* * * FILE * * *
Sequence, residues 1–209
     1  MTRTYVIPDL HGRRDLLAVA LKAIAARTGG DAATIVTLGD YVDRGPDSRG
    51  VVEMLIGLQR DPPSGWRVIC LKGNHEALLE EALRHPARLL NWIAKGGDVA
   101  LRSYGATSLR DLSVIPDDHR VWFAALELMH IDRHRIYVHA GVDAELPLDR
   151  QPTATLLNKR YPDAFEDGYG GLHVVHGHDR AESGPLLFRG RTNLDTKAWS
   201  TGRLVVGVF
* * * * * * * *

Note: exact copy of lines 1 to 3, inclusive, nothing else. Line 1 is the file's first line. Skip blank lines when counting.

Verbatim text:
Sequence, residues 1–209
     1  MTRTYVIPDL HGRRDLLAVA LKAIAARTGG DAATIVTLGD YVDRGPDSRG
    51  VVEMLIGLQR DPPSGWRVIC LKGNHEALLE EALRHPARLL NWIAKGGDVA